I watch TV and spot a face I recognise in a film, and it's an old film, one that brings back memories for me of Christmastime, my brother and sister, and tangerines. I don't sit there doing my brain in figuring it out. I search her name on Google and of course, the Internet has the answer. I buy the film from my phone right that second (I don't really...I write it down and buy it from Fopp the next day, obviously, but I could do). I want to know if you can freeze a banana, what gets pink hair dye out overnight so I can attend my Grandma's funeral without looking like I've dyed my hair for the funeral. I want to know if soy sauce and potato go together; I want to know where I can buy unique teas from in bulk; I want to know what the little white allergy spots that have come up are; I want to know how to make perfect egg-fried rice; I want to know what 20% of a weird number is; I want to know how old Ricky Gervais was when he became really famous; I want to know what gets rid of mice safely; I want to know how to clean a burnt pan; I want to know about the living conditions of a lobster - can they survive in and out of water like a crab? Crustaceans and arthropods could be my new area of knowledge if I wished. I want to know the history of a fortune cookie; I want to know why Battenberg cake was called Battenberg cake; I want to know how much green tea is a normal amount to drink - and thanks to the internet, thanks to people who LOVE the internet, people with time on their hands that we often forget ourselves about and LAUGH at like 'some people have got so much time on their hands!'
I am so grateful for those people because those people make my life breezier. It is a modern day Mrs. Beeton's housekeeping guide covering absolutely everything. There are people that will film themselves and show you, step by step, how to do a fish-tail plait on your own hair. People that will talk you through the cleaning of your trainers to make them spanking. People that show you how to repair your own iPhone. On your own. Just because they themselves didn't fancy forking out a couple hundred for a new one and didn't want you to have to either. We are human beings, we can fix stuff but sometimes we feel like we are incapable of touching technology. Been building houses, doing open heart surgery and giving birth to babies for years and years and years but crack open an iPhone and fix it yourself...ARE YOU COCO LOCO?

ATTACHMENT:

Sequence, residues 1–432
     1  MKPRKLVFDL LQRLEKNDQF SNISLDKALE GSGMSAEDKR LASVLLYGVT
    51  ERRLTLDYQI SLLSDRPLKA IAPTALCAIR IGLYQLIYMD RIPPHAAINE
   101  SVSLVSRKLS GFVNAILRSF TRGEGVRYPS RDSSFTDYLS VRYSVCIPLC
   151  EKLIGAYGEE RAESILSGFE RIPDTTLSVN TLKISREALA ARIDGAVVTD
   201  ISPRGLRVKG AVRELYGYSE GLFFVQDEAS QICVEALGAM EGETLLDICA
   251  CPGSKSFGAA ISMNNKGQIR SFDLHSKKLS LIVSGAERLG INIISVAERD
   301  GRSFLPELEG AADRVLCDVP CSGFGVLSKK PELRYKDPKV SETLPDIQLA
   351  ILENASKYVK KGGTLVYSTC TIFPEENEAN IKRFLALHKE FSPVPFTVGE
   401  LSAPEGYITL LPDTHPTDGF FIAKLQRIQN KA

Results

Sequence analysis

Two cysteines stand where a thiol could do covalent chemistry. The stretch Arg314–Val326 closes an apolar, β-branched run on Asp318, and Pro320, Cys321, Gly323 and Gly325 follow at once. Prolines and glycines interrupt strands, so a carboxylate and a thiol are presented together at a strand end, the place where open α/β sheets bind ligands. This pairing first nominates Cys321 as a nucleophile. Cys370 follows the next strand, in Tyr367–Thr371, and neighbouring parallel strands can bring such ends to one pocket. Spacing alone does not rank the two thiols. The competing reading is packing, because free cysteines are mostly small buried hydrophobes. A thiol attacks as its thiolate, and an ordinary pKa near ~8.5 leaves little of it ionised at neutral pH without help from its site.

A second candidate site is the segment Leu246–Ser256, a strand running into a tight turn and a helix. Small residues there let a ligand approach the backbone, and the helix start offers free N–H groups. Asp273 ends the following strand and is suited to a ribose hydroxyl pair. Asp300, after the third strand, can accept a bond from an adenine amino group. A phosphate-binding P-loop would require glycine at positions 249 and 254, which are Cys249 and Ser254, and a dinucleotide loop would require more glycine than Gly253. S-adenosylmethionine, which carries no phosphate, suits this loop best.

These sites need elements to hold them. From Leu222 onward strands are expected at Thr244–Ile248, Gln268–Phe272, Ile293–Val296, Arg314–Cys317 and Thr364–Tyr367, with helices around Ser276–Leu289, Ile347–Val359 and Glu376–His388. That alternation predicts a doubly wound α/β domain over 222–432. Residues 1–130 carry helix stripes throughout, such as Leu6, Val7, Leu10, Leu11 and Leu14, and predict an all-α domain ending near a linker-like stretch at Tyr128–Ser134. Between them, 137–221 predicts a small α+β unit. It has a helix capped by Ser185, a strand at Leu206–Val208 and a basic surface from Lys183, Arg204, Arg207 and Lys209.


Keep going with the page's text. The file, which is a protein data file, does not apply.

Just yesterday morning I learnt, from a retweet of a retweet of a retweet... about 19-year-old Boyan Slat. A young inventor that after a quick scribble in a classroom has designed a machine that can clean up the ocean, clear it of its deadly littered plastic. By the afternoon @TheOceanCleanup are following me on Twitter and I am following them back. I never knew birds thought red plastic was food and that is why you never find red plastic washed up on beaches. And it is killing them. My brain is growing: a whole new door has opened. This is why I love the Internet.
I am really old school, despite this blog post. I am crumpled brown paper, hand-written and post officey.
I believe sleep and water cures headaches, but I can't lie. I am grateful for the chance to reach out to nearly anything at the touch of a button.
'I love the internet.' I say out loud. 'Why? What's happened?' Daniel says. 'Nothing. I just think it's nice to say when something is useful too rather than only voicing when it annoys you.' Daniel considers this then nods, 'It's true. If we lost the Internet now we'd be-
Meet our latest Writer in Residence
Every six months, BookTrust appoints a new Writer in Residence to write blogs, run competitions and give us their own unique perspective on the world of children's books. Our current Writer in Residence is Michelle Robinson.